Stress in Broilers
Stress has been defined as the sum of all biological reactions to mental, emotional and physical stimuli that disrupt an individual’s homeostasis, as it relates to bodily functions. There is a myriad of internal and external stimuli that can affect the homeostasis of an individual. Once homeostasis is disrupted, the body elicits physiological stress responses involving the immune system in an attempt to reestablish homeostasis.
Undoubtedly, broilers experience various stressors everyday of production. When broilers encounter a stressor, the neurogenic system is activated.1 Failure to combat or flee from the stressor immediately results in the activation of the hypothalamic-pituitary-adrenal cortical system. 1 Activation of this system eventually leads to the proliferation of adrenal cortical tissue, which in turn secretes corticosteroids.2 Previous research has shown that corticosteroids have a negative impact on broiler growth.3 Chromium included in broiler feed as chromium propionate (Cr Prop) can be added to broiler diets at a concentration of 200 parts per billion (ppb).4 Chromium has been shown to reduce the levels of corticosteroids in birds, alleviating the negative impacts of stress.5 Previous research has shown Cr Prop positively effecting performance of broilers during heat stress.6,7 Additionally, Cr Prop has been shown to improve performance of broilers raised during the fall at a stocking density of 1.00 square foot.8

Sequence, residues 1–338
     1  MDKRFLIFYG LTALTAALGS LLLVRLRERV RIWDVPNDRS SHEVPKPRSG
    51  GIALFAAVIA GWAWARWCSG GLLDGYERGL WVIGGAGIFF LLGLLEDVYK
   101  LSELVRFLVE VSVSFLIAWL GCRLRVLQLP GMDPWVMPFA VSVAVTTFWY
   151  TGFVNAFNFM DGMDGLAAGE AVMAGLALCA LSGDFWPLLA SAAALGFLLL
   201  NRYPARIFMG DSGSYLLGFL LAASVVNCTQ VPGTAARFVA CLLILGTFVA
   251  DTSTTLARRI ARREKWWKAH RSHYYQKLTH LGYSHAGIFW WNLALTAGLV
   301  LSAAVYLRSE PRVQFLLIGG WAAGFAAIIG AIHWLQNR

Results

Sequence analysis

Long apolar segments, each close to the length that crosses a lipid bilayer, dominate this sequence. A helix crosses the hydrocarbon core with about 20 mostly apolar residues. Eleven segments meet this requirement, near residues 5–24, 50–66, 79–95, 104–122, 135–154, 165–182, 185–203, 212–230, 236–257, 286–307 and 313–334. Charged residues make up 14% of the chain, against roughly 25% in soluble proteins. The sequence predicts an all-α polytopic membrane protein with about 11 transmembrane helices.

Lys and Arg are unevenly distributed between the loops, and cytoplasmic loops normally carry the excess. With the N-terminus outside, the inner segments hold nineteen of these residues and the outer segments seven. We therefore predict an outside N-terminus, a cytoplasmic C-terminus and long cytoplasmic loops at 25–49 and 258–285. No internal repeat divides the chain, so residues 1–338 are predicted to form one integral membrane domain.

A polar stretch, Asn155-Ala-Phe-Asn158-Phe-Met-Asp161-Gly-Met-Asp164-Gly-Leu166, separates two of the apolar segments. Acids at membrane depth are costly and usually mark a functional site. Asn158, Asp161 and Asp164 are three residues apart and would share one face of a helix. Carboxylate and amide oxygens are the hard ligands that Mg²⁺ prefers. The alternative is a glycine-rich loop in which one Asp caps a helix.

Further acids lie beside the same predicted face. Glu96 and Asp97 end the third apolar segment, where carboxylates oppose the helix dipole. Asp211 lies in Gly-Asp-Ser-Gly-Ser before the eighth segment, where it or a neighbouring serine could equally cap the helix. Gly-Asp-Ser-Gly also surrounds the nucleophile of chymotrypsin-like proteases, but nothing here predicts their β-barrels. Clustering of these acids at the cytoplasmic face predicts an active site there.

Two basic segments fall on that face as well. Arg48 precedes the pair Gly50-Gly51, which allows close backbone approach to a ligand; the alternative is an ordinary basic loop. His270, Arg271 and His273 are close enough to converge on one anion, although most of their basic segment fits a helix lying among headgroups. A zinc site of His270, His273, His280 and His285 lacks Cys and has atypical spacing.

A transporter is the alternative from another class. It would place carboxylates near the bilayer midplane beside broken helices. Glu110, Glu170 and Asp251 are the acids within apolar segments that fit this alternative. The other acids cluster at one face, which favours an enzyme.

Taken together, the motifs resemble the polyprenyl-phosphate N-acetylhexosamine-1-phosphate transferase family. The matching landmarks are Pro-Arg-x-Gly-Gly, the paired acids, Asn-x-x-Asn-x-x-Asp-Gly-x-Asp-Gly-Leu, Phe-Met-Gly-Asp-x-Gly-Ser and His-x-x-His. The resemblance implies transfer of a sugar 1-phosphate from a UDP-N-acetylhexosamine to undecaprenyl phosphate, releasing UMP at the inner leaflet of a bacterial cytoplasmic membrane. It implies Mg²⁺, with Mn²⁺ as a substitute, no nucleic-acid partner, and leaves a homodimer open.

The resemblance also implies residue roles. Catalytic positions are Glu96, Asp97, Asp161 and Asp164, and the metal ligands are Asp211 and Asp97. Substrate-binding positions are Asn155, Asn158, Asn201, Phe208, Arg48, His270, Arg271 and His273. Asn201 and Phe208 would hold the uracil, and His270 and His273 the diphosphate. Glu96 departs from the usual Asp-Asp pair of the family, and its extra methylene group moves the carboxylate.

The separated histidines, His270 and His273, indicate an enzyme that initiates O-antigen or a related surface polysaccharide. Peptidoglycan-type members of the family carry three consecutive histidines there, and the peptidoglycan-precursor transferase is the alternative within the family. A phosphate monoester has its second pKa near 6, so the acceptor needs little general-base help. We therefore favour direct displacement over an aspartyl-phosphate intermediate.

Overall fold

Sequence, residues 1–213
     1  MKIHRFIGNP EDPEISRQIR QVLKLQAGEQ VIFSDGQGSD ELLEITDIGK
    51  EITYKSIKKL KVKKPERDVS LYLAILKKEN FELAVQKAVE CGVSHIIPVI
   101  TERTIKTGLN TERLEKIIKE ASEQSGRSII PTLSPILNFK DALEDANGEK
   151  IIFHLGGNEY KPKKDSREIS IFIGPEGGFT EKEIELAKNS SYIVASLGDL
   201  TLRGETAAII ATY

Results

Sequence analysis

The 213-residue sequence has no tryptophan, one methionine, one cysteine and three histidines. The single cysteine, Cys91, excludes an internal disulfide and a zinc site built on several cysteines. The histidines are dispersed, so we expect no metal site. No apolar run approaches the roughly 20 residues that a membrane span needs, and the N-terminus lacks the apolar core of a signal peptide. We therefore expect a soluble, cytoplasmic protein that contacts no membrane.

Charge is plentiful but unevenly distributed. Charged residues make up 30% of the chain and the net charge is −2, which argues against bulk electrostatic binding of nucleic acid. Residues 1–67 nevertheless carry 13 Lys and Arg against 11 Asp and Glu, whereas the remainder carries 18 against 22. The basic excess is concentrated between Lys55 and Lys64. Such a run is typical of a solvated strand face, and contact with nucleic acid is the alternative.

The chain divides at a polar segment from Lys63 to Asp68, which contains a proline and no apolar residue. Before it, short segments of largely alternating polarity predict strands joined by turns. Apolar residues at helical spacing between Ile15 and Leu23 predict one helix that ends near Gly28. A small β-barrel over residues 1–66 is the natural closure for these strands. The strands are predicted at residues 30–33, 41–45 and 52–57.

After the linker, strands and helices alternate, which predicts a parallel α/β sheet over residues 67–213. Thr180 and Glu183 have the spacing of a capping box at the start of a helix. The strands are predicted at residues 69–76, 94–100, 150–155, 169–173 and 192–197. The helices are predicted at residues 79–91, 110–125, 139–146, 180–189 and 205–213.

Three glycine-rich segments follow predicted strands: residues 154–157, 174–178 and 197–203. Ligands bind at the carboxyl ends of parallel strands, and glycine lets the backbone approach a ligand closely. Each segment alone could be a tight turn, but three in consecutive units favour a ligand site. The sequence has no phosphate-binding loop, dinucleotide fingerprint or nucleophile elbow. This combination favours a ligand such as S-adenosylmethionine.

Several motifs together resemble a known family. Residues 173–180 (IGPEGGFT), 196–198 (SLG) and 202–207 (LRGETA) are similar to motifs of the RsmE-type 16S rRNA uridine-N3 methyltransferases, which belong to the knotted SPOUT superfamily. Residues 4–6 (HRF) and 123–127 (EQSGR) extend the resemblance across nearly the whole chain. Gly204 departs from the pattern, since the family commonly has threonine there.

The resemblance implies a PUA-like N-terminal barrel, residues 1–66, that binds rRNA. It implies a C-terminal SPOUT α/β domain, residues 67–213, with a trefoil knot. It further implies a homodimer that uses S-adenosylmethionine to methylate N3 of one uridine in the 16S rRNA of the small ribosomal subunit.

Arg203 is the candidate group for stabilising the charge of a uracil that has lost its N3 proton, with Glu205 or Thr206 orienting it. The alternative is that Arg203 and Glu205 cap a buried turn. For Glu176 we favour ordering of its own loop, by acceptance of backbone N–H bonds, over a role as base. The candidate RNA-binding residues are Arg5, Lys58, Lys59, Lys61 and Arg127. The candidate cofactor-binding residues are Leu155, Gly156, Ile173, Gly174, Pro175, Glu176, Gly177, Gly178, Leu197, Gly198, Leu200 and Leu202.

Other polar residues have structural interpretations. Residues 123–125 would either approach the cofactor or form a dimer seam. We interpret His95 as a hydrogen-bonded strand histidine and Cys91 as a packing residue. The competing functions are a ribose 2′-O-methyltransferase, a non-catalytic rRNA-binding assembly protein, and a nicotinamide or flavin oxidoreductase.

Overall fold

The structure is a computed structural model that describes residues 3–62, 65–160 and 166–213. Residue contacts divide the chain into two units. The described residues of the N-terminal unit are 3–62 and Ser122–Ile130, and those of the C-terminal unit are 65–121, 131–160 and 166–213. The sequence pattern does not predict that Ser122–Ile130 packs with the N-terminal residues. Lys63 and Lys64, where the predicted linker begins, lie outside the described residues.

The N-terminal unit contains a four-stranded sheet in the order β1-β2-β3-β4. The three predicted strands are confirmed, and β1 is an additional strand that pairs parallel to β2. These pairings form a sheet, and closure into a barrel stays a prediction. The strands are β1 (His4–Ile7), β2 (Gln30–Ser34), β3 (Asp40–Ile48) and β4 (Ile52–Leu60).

A research trial on chromium supplementation in broilers conducted by a land-grant university evaluated the effect of KemTRACE® Chromium on growth, performance and carcass yield in straight run Ross 708 broilers.9 The improvement in carcass yields was 1.17% and breast meat yield was 0.51% with an improved feed conversion ratio. Chromium supplementation may alleviate the negative effects of stress on growth, performance and carcass traits. Read more about this trial here.
1Siegel, H. S. (1980). Physiological stress in birds. Bioscience 30:529–534.
2Holmes, W. N., and J. G. Phillips (1976). The adrenal cortex of birds. Pages 293–420 in General, Comparative and Clinical Endocrinology of the Adrenal Cortex. I. Chester Jones and I. W. Henderson, ed. Academic Press, New York, NY.
3Dupont J., M. Derouet, J. Simon and M. Taouis (1999). Corticosterone alters insulin signaling in chicken muscle and liver at different steps. Journal of Endocrinology 162, 67-76.
421 CFR Part 573.304, Chromium Propionate.
5Mirfendereski E. and R. Jahanian (2015). Effects of dietary organic chromium and vitamin C supplementation on performance, immune responses, blood metabolites, and stress status of laying hens subjected to high stocking density. Poultry Science 94: 281-288.
6Vignale, K, Koltes D., Weil J., West S., Weimer S.L., Iseri V. and Christensen K.D (2017). The effect of chromium propionate on performance responses in heat stressed male broiler chickens. 2017 International Poultry Scientific Forum. Atlanta, GA. Abstract T181, page 53.
7Kemin Internal Document, 17-00187.
8Kemin Internal Document, 17-00208.
9Lester, T., K. Brown, C. Eagleson, V. Iseri, J. Lee (2017). Evaluation of chromium propionate on broiler growth performance and processing yields. Journal of Poultry Science 96( E-suppl. 1): 188.
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